The decks have been cleared for state-owned Nuclear Power Corporation of India Ltd (NPCIL) to launch nuclear ventures in collaboration with three other public sector firms, with the NDA government planning to designate upcoming atomic power projects with foreign technical cooperation to be set up through these joint ventures.
Official sources indicated that this is likely to be the pattern followed for all new projects that are slated to be set with foreign technical cooperation, beyond the Kudankulam units that are already being set up with Russian assistance. Discussions in this regard with the prospective JV partners — cash-rich state-owned energy utilities NTPC Ltd, Indian Oil Corporation and Nalco — have been initiated, sources involved in the exercise said.
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The decision to leverage the JVs for new projects being set up under the foreign collaboration route marks a departure from the current strategy followed by the country’s nuclear establishment, where atomic power reactors are executed solely by NPCIL and are funded by a mix of debt and equity leveraged by the nuclear power utility. Sources indicated that the broader view within the nuclear establishment earlier was to deploy all the three JVs for new projects being set up based on the indigenous Pressurised Heavy Water Reactor, or PHWR, technology. The plan to deploy the JVs for new imported light water reactor, or LWR-based projects to be set with foreign technical cooperation, could thereby, mark a change in strategies and potentially result in the pooling of additional equity worth nearly Rs 30,000 crore for expanding the country’s installed nuclear power capacity.
NPCIL is currently working on plans to commence work on 16 new reactors with a total capacity of 16,100 MWe (mega watt electric) within the five year period ending March 2017. These include eight indigenous PHWRs of 700 MWe each with a total capacity of 5,600 MWe and eight LWRs based on international cooperation — with Russia, France and the US — totaling at a capacity of 10,500 MWe.
Earlier, in January this year, the Atomic Energy (Amendment) Act was one of the five legislations that got the President’s approval, thereby ensuring the legal framework for NPCIL to launch collaborations with the three other public sector utilities. The move to leverage the JVs comes amid festering concerns over India’s nuclear liability provisions holding up the deployment of imported light water reactor-based projects in collaboration with global vendors. The proposal by NPCIL to strike joint ventures with cash-rich PSUs is being seen as an alternative strategy to tide over the paucity of funds and ramp up execution capability for new projects using the indigenous pressurised heavy water reactor technology.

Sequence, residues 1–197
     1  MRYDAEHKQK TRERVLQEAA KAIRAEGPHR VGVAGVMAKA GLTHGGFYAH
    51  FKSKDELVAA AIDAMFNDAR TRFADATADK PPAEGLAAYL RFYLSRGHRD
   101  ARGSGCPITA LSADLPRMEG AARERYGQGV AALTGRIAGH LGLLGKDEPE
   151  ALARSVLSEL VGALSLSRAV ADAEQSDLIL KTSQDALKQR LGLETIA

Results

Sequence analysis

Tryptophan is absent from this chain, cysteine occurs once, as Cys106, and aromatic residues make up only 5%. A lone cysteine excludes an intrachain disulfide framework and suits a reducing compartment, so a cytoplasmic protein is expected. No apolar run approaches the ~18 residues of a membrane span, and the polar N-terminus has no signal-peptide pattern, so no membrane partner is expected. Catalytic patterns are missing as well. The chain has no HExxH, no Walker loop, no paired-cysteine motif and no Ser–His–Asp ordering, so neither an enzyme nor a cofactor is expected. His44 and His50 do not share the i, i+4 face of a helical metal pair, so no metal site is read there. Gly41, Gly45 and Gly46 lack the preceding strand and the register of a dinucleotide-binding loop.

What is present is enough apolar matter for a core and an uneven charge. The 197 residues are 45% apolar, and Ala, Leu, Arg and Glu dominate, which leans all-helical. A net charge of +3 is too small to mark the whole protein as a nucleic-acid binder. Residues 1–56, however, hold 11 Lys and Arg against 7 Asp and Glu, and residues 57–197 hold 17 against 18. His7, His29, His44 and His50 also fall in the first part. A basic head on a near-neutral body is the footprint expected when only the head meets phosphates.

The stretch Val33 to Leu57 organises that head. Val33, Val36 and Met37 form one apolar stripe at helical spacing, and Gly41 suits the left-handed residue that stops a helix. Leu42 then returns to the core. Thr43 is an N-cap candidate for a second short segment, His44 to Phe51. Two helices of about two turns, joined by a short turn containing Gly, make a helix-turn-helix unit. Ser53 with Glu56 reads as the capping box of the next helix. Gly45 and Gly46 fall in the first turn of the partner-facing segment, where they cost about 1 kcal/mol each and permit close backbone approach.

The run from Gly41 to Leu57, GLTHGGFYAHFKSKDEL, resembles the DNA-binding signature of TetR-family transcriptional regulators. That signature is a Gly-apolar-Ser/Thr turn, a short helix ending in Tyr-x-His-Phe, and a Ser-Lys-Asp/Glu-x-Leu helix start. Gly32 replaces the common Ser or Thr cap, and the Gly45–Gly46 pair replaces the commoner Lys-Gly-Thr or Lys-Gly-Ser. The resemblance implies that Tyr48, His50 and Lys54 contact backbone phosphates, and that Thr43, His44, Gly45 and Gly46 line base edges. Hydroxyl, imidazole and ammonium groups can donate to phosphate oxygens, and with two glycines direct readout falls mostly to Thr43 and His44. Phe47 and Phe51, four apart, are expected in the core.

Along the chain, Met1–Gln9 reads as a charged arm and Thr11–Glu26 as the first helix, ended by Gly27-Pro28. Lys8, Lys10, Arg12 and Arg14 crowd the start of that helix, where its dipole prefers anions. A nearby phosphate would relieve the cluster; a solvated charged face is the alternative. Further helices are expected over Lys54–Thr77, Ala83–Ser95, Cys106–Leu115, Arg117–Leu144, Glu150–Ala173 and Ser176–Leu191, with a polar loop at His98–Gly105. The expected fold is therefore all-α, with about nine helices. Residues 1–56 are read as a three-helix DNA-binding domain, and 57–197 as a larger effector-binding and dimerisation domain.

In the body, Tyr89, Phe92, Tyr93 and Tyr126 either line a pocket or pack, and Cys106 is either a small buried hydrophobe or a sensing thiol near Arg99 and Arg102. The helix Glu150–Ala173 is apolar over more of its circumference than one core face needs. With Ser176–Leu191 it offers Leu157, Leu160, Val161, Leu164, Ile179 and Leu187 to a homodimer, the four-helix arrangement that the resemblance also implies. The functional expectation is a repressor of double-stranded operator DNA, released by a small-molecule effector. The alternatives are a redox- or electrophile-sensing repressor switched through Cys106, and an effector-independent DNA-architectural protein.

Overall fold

At present, only two PSUs — NPCIL and Bharatiya Nabhikiya Vidyut Nigam Limited (BHAVINI), which are under the control of the Department of Atomic Energy, can operate nuclear power plants in the country. The Atomic Energy Act, 1962, prescribed that a company in which not less than 51 per cent of the paid-up share capital is held by the Central government can operate nuclear stations. However, the licensing of joint ventures was a grey area. The new law amends the Atomic Energy Act, 1962, to change the definition of a “government company” as described in the Act with a view to widen its scope. The JV firms with these three public sector energy majors — Anushakti Vidyut Nigam Ltd (NPCIL and NTPC), NPCIL-Indian Oil Nuclear Energy Corporation Ltd and NPCIL — NALCO Power Company Ltd have already been incorporated.
Currently, nuclear power reactors are being funded by a mix of debt and equity and are executed by NPCIL, with the equity requirements being met from internal resources of the NPCIL, a PSU under the DAE, and domestic budgetary support, officials involved in the exercise said.
The leveraging of NTPC, IOC and Nalco’s project execution capabilities is part of the DAE’s medium-term plan. Under the short-term capacity expansion programme, the NPCIL is already working on ramping up the existing capacity of 5,780 MWe by three folds by the year 2023-24. While NPCIL itself has about Rs 12,000 crore of investible surplus, the three other PSUs, including NTPC, Nalco and IOC, have broadly agreed to bring in Rs 10,000 crore each. The plan entails IOC, NTPC and Nalco each picking up 49 per cent equity in atomic projects proposed to be set up in partnership with NPCIL, which will hold majority equity in the three proposed ventures.
NPCIL currently operates 21 reactors with a generation capacity of 5,780 MWe and another 1000 MWe reactor at the Kudankulam project in advanced stages of commencing commercial operations. “Of the 20,000 MWe target for 2020, NPCIL, with Rs 12,000 crore surplus, can manage only about 10,000 MWe of new capacity through its own resources. Hence, funding from other sources is needed to supplement NPCIL’s efforts and the best candidates are PSUs, especially those in the core sector with strong financials and cash flows,” an official said.